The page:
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The Surprising Benefits of Flossing Your Teeth

By Skye Sherman  •   August 7, 2023
•    Medically Reviewed By Dr. Christine Bishara, MD - Nov 20, 2023

Photo Credit: by Sora Shimazaki, Pexels.com
Photo Credit: by Sora Shimazaki, Pexels.com

Most of us know the importance of good dental hygiene. If you don’t want to spend more time in a dentist’s chair than you need to for routine cleanings, then keeping your teeth in tip-top shape is of the utmost importance! Twice-daily brushing is the bare minimum for most people, but you might be underestimating how important it is to floss every day, too.

Separately, more and more people are becoming aware of heart disease and the best practices to prevent it. Eating a healthy, balanced diet and maintaining an active lifestyle with a regular exercise routine are two of the most powerful steps you can take to take good care of your heart.

However, are you aware of the connection between flossing and your heart? While these two areas of the body seem like totally unrelated organs with totally unrelated functions, the truth is that flossing and heart health are intimately interconnected.

In this article, we’ll take a look at why you should prioritize your dental care for better heart health (and a clean mouth, too). You might be surprised to learn of the many reasons why flossing is good for your heart, but the good news is that it’s true, and it’s one more tool in your arsenal to keep your body healthy and thriving, from head to toe.

How important is flossing your teeth for heart health?

Curious about how flossing and your heart possibly have anything to do with each other?

An article in EatingWell shares the scientific findings: “data suggests that periodontal disease may indeed increase the risk for arteriosclerosis (where plaque builds up in arteries), as this oral bacteria may get into the bloodstream and/or cause inflammation that sets the stage for plaque formation, though more research is needed.”

The article also reports, “Research shows that you can remove up to 80% of interdental plaque by flossing—and that can lower your risk of developing cavities and prevent periodontal disease.” Flossing might seem like a simple task that doesn’t accomplish much, but as you can see, taking just a minute or two out of your day to floss can prevent a whole host of complications that are costly, frustrating, and painful to deal with later.

Another article, published by Daily Sabah, reports, “Research conducted in Japan revealed that not brushing before bedtime can increase the risk of heart diseases. … The research focused on cardiovascular diseases such as heart failure, heart rhythm disorder, heart attack, chest pain, and heart valve and aortic diseases requiring surgery.”

The results are worth noting: “Those who brushed twice a day and those who brushed only at night had significant higher cardiovascular disease (estimated) survival rates than those who did not brush at all. The findings of the study revealed that brushing only in the morning was insufficient and brushing at night proved vital.”

As you can see, the best course of action is to brush in the morning and evening. However, brushing in the evening is of special importance so that you clean your teeth thoroughly before letting them sit all night with bacteria on them.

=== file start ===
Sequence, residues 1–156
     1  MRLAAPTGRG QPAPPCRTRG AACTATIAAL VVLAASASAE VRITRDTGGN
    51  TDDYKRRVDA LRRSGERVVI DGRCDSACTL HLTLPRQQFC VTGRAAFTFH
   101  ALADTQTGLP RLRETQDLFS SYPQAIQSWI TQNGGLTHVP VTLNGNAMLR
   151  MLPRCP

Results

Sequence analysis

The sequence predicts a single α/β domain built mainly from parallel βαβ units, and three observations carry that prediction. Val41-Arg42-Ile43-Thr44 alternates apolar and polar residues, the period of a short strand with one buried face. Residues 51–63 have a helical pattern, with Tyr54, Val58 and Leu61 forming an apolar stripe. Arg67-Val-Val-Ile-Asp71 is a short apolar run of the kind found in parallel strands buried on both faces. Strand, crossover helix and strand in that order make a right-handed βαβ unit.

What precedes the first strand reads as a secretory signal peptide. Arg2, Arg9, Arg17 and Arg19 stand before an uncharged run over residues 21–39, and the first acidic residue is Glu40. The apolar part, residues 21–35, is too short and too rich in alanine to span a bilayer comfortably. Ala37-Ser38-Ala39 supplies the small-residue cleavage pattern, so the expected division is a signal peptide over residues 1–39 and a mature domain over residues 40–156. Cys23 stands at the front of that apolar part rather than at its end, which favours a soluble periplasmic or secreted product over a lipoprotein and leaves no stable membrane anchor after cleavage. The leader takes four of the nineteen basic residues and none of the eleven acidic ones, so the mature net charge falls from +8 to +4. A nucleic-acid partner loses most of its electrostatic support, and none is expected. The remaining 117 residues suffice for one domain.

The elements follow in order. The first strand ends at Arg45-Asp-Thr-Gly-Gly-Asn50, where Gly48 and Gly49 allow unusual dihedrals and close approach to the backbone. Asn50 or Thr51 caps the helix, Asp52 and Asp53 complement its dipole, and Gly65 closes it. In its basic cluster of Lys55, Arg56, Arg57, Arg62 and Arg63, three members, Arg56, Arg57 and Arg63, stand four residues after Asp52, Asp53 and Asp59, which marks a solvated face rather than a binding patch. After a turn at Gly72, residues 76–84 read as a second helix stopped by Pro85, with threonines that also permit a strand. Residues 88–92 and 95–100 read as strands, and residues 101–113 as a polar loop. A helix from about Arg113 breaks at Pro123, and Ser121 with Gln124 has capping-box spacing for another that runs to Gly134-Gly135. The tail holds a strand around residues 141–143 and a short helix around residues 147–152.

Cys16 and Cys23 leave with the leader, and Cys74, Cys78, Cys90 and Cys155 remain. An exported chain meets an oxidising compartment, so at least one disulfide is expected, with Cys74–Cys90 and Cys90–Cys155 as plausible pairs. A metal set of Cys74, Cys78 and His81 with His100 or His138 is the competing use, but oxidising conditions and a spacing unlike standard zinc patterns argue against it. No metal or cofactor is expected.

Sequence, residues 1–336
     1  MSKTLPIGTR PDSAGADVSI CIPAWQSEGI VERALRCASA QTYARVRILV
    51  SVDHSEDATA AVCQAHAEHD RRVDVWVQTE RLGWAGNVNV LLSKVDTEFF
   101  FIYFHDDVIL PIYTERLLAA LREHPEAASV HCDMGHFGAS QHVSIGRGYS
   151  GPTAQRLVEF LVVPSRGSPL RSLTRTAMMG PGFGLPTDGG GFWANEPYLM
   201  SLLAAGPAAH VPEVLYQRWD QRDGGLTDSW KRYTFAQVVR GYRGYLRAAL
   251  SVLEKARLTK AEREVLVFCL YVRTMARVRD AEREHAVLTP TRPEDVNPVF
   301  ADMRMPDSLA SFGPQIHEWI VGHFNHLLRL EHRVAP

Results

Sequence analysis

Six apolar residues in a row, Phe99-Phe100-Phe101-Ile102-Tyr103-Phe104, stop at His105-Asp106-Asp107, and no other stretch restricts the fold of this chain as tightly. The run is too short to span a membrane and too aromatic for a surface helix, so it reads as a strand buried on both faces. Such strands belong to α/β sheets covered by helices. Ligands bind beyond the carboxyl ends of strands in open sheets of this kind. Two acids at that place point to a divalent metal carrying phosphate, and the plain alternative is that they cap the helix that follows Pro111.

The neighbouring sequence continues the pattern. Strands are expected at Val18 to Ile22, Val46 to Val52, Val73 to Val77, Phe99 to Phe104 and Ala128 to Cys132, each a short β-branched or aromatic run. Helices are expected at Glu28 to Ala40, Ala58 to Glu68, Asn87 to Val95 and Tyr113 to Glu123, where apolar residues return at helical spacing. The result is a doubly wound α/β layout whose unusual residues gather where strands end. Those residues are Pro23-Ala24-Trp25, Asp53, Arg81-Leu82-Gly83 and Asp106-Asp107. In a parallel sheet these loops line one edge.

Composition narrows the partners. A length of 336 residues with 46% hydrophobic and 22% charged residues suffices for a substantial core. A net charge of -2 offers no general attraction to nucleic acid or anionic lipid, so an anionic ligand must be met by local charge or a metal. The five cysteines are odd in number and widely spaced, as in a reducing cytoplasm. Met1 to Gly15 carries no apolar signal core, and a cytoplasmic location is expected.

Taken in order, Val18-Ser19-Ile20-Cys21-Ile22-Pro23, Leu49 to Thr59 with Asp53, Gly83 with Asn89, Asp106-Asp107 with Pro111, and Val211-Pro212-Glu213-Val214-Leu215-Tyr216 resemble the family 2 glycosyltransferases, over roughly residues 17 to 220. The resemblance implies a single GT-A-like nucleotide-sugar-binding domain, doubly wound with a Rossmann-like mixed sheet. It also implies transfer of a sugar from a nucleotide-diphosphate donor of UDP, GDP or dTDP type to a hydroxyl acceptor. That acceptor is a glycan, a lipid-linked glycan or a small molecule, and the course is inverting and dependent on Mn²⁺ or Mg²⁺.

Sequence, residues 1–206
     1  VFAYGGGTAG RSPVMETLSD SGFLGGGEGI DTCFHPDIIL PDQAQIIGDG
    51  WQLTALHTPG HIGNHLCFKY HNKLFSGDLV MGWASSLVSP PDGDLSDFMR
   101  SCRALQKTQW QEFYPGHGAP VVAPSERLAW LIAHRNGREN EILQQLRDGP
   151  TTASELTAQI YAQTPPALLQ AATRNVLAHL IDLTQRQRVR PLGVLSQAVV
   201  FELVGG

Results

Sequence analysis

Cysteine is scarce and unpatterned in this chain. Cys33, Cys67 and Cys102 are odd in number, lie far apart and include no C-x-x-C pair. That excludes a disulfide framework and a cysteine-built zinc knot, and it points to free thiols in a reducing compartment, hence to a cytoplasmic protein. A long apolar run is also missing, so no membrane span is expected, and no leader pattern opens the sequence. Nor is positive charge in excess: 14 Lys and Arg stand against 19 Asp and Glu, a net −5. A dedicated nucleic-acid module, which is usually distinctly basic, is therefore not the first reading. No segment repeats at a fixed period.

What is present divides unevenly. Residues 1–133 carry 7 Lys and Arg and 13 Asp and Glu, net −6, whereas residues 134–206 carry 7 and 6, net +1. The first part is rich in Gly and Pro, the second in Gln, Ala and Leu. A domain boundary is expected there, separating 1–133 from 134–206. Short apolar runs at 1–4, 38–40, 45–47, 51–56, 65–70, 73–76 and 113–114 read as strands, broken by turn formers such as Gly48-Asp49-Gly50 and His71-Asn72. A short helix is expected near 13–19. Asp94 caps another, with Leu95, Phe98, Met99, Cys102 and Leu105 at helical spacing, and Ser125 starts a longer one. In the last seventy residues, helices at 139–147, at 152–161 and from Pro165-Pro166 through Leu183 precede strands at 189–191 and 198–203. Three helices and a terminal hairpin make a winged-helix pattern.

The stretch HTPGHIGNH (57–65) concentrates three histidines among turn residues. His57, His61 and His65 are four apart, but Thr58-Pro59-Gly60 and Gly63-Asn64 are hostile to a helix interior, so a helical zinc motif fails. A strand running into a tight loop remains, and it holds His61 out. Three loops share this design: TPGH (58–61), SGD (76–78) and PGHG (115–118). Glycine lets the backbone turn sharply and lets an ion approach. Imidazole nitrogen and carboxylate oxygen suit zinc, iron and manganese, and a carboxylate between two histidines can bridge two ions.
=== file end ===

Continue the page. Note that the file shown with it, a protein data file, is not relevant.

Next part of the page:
As Dentistry puts it, “These implications are consistent with the theory that the intraoral bacterial load increases during sleep at night due to reduced salivary flow.” Brushing at night to maintain good oral health is essential for not only dental hygiene but also your heart.

Or, as an article on MSN states, “Thinking of skipping that before-bed brush of the teeth? Think again. Researchers have found avoiding a night-time scrub puts you at a higher risk of heart disease. A new study suggests oral hygiene habits can have an impact on cardiovascular conditions, increasing chances of developing complications such as angina, heart failure or heart attacks.”

Why flossing can help your heart

As you can see, flossing is important for heart health. But how exactly does flossing affect your heart when your mouth and heart are two completely different body parts in two different locations?

Cleveland Clinic makes it sound simple: “Research shows the association could be due in part to periodontal, or gum disease, leading to inflammation and bacteria in the heart.”

HealthOne puts it another way: “Healthy teeth may also reduce your risk of clogged arteries. The link between oral and cardiovascular health, inflammation can lead to both gum disease and obstructive arterial plaque. Researchers also think that oral bacteria can enter the bloodstream and contribute to damaging systemic inflammation.”

In other words, bacteria in your mouth means bacteria in other parts of your body, including your bloodstream, which obviously has a strong connection to your heart. You don’t want to expose your heart to unnecessary stress by having to combat bacteria from simply not brushing your teeth at night. Keep your heart healthy and your mouth happy too by brushing and flossing your teeth on a twice-daily schedule with a special focus on a deep cleaning before you hit the hay. Brushing and flossing help to remove plaque, that gooey film on your teeth. Plaque build up in the arteries that supply the heart are the cause of heart disease which is why brushing and flossing at night can make such a difference in the prevention of heart disease.

Remember that no matter how well you brush or floss, there is still the possibility that you will experience heart disease. The main culprit in the development of heart disease is inflammation and while inflammation in the mouth can contribute to heart disease, systemic inflammation also plays a role. Heart disease is a result of other lifestyle or environmental factors, and sometimes it can come from genetic influences.